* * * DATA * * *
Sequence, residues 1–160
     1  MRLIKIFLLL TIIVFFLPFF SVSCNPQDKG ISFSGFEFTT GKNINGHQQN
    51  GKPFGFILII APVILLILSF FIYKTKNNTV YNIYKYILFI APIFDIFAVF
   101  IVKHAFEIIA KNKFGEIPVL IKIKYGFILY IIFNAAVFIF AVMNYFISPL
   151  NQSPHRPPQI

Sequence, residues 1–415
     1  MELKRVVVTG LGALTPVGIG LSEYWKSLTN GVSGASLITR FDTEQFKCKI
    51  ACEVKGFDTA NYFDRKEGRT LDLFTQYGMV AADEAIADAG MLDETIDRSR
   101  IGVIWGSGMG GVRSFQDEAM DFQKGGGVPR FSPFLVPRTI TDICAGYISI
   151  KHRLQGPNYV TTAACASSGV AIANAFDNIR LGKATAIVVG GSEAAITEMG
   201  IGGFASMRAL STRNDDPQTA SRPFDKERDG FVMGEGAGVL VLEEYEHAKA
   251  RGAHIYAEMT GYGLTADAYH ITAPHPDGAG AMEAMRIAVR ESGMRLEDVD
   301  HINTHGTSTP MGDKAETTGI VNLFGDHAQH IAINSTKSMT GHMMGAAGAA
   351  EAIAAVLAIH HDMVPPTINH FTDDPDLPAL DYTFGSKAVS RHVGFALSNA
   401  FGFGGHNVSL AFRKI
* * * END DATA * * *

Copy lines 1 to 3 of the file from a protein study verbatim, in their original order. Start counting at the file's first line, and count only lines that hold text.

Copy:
Sequence, residues 1–160
     1  MRLIKIFLLL TIIVFFLPFF SVSCNPQDKG ISFSGFEFTT GKNINGHQQN
    51  GKPFGFILII APVILLILSF FIYKTKNNTV YNIYKYILFI APIFDIFAVF